“Ready in about an hour,” he declared.

And it was, for at the end of the stipulated time the clay, cracking with the fierce heat, came apart with the bird’s feathers adhering firmly to it; while the fowl, done to a turn, had but to be served round.

“By Jove! I don’t feel like climbing after that tuck-in,” declared Chris, when the repast was finished, and Peter had cleared up the remains. “Can’t we put the job off till to-morrow?”

“There’s no putting off till to-morrow what you can do to-day on this island, my lad,” said Alec firmly. “That’s how slackers are made. We’ll stand easy for an hour. Then you can tighten your belts and get busy.”

“All right, slave-driver,” rejoined Chris cheerfully. “Why not start at once?”

“Good idea!” agreed Alec promptly, taking his chum at his word. “On we go!”

The rest of the way to the base of the lofty height which the chums had appropriately named Sugar-cube Mountain was fairly easy going, the dense foliage affording complete shelter from the sun. In fact, so thick were the palms that the explorers found themselves confronted by the precipitous mass of hard rock before they expected it.

For at least two hundred feet it towered, stern and forbidding and without the faintest sign of a foothold.

“Up with you, Alec!” exclaimed Chris chaffingly; “ ‘do it now,’ you know.”

“It’ll take some doing,” admitted his chum dubiously. “Let’s work our way round to the north side and see if there’s a way up.”

“What’s the use, anyway?” protested Brian. “I’m with Chris. We’ll lie on the ground and watch you. Hang it all, man, the mountain is as bare as a brick. There’s nothing growing on it. We don’t want to live on it, so why risk your neck? Besides, there’s Peter. He’ll never be able to climb, even if you can.”

“Let’s try,” said Chris, unexpectedly siding with Alec. “There’s some fun getting to the top. We’ll be able to see what our island looks like. If there is any difficulty with Peter, Brian can stop with him.”

They resumed their way, keeping the sheer face of the rock on their left, until they arrived at the north-eastern angle of the hill. Here the ground sloped gently towards the lagoon, the shore of which was barely a mile away. Save for a few palms, there was an almost entire absence of foliage, the ground being covered with short grass that gave a park-like aspect to this side of the island.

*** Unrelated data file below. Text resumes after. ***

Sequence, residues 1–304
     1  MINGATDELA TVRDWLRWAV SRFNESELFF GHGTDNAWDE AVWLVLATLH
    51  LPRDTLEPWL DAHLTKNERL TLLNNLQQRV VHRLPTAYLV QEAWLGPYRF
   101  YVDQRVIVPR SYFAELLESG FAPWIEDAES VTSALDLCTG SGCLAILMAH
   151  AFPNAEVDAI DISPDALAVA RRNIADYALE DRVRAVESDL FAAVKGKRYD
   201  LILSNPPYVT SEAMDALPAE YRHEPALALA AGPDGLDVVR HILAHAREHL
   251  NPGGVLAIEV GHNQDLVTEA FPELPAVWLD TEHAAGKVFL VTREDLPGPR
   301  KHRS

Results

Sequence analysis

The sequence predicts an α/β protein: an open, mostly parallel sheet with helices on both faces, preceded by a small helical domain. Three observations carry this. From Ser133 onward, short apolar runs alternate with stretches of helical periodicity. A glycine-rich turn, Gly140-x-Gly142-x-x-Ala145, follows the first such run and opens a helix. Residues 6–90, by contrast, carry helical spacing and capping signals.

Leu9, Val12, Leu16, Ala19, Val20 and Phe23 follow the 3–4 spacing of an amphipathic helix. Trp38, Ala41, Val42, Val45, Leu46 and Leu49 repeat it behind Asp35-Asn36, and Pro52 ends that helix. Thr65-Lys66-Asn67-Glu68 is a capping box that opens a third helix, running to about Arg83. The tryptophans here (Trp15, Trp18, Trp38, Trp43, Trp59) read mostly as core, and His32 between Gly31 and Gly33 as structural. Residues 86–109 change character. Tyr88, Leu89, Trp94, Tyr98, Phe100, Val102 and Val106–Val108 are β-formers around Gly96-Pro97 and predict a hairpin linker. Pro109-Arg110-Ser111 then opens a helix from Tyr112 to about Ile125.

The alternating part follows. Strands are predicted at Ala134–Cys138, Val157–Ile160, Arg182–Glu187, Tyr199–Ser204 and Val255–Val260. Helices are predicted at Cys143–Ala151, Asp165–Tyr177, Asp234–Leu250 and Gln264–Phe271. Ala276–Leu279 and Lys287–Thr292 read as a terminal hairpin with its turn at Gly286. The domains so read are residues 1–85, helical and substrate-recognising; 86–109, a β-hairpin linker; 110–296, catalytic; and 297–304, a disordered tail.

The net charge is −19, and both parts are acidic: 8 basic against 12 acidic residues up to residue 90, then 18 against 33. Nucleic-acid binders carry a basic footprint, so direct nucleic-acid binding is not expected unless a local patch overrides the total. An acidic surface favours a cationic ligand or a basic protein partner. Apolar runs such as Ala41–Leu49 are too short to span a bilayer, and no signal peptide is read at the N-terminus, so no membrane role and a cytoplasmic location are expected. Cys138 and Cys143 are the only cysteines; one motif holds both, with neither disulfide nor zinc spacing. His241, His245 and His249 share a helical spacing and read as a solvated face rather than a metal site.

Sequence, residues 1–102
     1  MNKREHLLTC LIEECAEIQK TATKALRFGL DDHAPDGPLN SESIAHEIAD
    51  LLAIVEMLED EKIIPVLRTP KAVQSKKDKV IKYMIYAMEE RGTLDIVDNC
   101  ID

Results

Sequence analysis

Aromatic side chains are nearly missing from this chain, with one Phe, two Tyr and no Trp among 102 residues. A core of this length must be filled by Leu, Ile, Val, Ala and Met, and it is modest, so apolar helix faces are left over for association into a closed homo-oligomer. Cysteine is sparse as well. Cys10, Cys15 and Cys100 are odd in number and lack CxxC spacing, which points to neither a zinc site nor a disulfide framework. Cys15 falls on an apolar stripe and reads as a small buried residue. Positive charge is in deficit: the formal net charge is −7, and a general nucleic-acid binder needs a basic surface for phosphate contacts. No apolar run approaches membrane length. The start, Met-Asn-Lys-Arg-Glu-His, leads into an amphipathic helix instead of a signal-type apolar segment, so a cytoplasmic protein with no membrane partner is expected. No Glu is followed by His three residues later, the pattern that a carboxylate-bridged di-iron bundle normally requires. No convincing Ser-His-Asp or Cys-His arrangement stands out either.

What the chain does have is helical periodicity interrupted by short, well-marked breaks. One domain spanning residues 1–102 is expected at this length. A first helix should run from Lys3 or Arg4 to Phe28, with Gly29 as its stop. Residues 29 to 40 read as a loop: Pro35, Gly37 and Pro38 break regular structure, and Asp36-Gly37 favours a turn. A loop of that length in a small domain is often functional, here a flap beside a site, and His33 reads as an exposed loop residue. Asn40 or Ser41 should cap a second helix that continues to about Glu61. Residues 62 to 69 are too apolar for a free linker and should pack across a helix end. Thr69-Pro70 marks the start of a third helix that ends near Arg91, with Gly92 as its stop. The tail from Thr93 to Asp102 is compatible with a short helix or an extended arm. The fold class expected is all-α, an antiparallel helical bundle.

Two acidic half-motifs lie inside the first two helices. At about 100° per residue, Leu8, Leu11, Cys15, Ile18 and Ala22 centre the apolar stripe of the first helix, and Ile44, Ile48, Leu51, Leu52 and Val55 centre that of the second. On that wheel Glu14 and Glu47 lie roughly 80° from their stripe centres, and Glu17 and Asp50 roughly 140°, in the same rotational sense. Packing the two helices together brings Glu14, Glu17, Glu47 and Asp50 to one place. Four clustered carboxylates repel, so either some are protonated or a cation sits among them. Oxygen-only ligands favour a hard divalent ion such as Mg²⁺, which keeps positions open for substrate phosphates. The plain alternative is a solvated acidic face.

But they paid scant heed to this portion of their domain. Their attention was directed upon the northern face of the mountain. It looked promising, for although the other sides rose sheer and in an unbroken precipice, this consisted of several terraces, averaging fifty feet in height and resembling the “scars” of the mountains of Yorkshire and Lancashire.

“It looks as if there’s been a big fire here at some time,” declared Chris. “There are distinct traces of it on the lower portion of the rock.”

“If so, that accounts for the absence of scrub,” added Alec. “What’s that? Why, I believe it’s a flight of steps.”

It was. Within a hundred yards of the north-east angle of the cliff was a series of hewn steps. They were by no means rough-hewn, each being evenly spaced. And what was stranger still, the steps cut through each of the intermediate terraces and apparently led direct to the top.

There was now no lack of enthusiasm. Brian was as eager as the others to see what there was at the top; while Chris, in spite of his generous repast, was undaunted at the sight of between three and four hundred stone steps that had to be tackled.

They commenced the ascent, Peter bounding ahead. It was a strange experience. At the level of each terrace it was possible to step off on to the platform, otherwise the flight ran through an artificial gorge cut into the solid rock. The steps were considerably worn, showing that at one time they had been used to a great extent by numerous people.

“This must have been the citadel of the people who built the temple,” declared Chris. “It must have been impregnable. A dozen men at the top could keep an army at bay before firearms were invented.”

“The fellows coming up must have been winded before they got to the top,” remarked Brian. “They’d have precious little fight left in them by that time. I feel like that myself, don’t you, Alec?”

“Two hundred . . . one . . . two . . . three . . .” was Alec’s only response. He was studiously counting the number of steps.

Already Peter was feeling the unusual exertion, and instead of being on ahead was sedately following his master.

“Three hundred and sixty-five,” declared Alec breathlessly, when the topmost step was reached. “I wonder whether that number was intentional—something to do with the number of days in the year. I say, what a view!”